Almost half of patients are waiting more than a year for appointments

WAITING times for health appointments and procedures have grown since the start of the pandemic, but the Health Minister has warned patients should expect to wait even longer as the crisis drags on.
The stark reality of the impact Covid-19 has been having on our health service has been officially laid bare in the Department of Health’s latest quarterly release of waiting time figures. The numbers reveal a steady rise in the number of people awaiting appointments and procedures.
Diagnostic test waiting times, for example, have risen by 14.6 percent between the second and third quarter last year. Diagnostic test reporting turnaround times have increased by over 45 percent.
Meanwhile, waiting times for inpatient and day case admissions have risen 14.2 percent over the same period, while the number of people waiting for their first outpatient appointment has risen by 6.9 percent.
Health Minster Robin Swann said waiting lists were expected to grow even more in the months ahead.
“I very much regret that the number of people enduring excessive waits for assessment or treatment has increased again. Unfortunately this position can be expected to worsen further,” he said.
Minister Swann added: “Battling the pandemic as well as maintaining non-Covid services as much as possible has been a balancing act and I am grateful to HSC staff for their resilience and efforts.
“In any other walk of life, it would have been natural to wind things down after the first surge as we moved into summer. Health service staff did not do that, but instead redoubled their efforts.”
Minister Swann said the Executive needed to prioritise tackling waiting lists next year, despite its predicted budget constraints.
Below is a breakdown of the waiting times figures for the Western Trust, which shows almost half of local patients are waiting over a year for in and out patient appointments.

A total of 19,174 patients were awaiting a diagnostic test in the Western Trust, as of September 30. Just over 29 percent of Western Trust patients, a total of 5,618, were waiting more than 26 weeks. The northern average across all trusts was 44.8 percent.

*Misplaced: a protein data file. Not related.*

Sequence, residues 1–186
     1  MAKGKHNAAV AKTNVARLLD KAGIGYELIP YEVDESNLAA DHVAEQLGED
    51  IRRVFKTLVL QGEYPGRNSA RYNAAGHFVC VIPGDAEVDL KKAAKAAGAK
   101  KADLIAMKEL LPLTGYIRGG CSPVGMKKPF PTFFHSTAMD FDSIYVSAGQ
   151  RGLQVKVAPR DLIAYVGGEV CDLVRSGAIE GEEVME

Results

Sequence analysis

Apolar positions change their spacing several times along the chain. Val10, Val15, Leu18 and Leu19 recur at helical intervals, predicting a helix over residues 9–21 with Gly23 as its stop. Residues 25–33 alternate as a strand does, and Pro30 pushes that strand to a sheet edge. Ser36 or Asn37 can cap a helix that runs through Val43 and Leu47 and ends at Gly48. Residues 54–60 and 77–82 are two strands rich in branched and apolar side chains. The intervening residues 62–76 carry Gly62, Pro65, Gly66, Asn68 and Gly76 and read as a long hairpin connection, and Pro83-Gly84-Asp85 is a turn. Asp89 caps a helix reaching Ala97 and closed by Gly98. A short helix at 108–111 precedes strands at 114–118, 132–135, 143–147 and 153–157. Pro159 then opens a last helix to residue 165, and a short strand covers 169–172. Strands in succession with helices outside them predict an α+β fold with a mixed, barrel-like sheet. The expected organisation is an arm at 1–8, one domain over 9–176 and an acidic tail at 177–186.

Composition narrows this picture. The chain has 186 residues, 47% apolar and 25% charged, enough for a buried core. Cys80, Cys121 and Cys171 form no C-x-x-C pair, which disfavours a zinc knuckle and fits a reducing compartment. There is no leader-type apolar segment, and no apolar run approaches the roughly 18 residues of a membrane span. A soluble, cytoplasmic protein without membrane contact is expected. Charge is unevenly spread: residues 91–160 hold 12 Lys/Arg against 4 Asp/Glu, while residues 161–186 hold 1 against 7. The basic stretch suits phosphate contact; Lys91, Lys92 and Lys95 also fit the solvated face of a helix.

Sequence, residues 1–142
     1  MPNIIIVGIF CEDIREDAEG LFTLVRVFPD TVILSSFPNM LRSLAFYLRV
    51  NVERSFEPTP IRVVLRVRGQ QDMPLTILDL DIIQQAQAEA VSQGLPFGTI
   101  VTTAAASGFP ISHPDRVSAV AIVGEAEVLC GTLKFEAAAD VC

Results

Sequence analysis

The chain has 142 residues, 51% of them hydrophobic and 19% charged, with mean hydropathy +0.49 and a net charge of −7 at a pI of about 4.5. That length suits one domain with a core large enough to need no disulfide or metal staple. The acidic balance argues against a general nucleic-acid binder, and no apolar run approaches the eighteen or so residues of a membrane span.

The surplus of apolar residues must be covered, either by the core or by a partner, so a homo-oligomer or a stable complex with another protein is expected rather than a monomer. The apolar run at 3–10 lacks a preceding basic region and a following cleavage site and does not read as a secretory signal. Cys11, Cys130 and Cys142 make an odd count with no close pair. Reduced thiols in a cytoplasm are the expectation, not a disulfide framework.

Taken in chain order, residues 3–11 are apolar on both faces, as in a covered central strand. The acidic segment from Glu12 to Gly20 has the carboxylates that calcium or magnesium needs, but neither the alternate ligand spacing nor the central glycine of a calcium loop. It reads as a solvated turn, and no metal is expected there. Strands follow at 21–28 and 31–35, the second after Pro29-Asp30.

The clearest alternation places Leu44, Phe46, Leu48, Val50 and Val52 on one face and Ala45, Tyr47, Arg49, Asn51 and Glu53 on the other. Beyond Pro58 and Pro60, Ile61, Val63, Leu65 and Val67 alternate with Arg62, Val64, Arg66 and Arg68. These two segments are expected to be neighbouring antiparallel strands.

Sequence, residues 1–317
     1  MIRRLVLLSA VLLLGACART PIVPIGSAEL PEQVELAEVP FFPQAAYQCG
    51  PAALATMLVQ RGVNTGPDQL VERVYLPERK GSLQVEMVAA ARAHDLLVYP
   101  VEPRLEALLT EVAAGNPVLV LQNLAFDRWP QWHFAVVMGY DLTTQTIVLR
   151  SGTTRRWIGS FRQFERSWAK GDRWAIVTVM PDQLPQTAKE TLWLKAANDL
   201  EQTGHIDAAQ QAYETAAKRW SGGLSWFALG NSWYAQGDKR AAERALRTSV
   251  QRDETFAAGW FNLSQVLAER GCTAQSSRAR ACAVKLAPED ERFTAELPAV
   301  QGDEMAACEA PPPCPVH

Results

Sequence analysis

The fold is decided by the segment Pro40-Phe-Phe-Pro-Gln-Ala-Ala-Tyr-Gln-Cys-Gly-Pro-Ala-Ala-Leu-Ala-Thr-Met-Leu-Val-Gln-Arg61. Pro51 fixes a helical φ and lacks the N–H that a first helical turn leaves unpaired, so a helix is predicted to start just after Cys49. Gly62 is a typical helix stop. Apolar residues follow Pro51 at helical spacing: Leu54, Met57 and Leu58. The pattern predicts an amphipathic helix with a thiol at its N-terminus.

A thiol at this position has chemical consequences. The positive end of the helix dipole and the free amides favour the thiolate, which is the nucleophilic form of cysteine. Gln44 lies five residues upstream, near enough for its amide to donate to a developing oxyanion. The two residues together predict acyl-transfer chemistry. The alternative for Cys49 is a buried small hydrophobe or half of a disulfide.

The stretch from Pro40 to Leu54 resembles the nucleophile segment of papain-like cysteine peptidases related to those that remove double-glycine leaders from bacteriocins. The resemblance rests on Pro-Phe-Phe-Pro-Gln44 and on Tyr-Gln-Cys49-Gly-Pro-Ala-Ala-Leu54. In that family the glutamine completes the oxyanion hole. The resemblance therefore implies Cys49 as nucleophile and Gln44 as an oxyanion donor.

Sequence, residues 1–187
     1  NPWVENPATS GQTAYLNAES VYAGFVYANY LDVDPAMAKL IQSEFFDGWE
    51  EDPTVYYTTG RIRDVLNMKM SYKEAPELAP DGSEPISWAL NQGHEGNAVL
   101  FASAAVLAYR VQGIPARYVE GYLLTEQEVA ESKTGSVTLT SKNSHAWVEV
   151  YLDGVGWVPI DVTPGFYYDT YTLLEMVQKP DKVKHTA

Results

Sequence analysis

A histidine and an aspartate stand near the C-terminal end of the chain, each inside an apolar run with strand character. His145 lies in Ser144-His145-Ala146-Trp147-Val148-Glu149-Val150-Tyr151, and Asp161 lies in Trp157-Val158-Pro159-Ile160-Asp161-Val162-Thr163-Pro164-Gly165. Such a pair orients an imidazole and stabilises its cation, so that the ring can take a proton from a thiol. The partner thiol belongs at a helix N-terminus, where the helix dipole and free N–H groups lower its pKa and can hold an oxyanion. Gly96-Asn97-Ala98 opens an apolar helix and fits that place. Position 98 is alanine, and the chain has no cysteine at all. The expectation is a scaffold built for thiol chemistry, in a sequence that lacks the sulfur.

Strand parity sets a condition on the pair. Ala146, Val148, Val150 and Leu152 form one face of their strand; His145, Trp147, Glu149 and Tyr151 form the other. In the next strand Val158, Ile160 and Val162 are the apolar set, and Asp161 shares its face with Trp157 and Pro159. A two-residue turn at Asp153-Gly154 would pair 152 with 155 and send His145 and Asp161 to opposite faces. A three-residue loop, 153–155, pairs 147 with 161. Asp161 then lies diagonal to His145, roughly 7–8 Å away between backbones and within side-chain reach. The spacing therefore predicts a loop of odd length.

Once a patient has their diagnostic test carried out, the Department’s target is that all results should be reported within two days. During the quarter ending on September 30th, none of the North’s trusts met that target, however the Western Trust came closest, reporting 91.8 percent of urgent diagnostic test results within the two day target.

Inpatient and day cases
A total of 20,521 patients were awaiting for admission for either as an inpatient or a day case in the Western Trust, as of September 30. 
This was the second longest waiting list in the North, with more waiting only at the Belfast Trust.
Almost half of those waiting at the Western Trust, 9,722 patients, were awaiting longer than 52 weeks.


As of September 30, there were 43,562 patients awaiting their first consultant-led outpatient appointment at the Western Trust.
No trust in the North met the Department of Health’s nine week target for a first appointment. The Western Trust had reported the lowest number of patients waiting longer than nine weeks, a total of 36,301 accounting for 83.3 percent of its waiting list.
Over 40 percent of patients were waiting more than 52 weeks, a total of 20,355 people, for their first outpatient appointment, lower than the average for all trusts of 47.5 percent.

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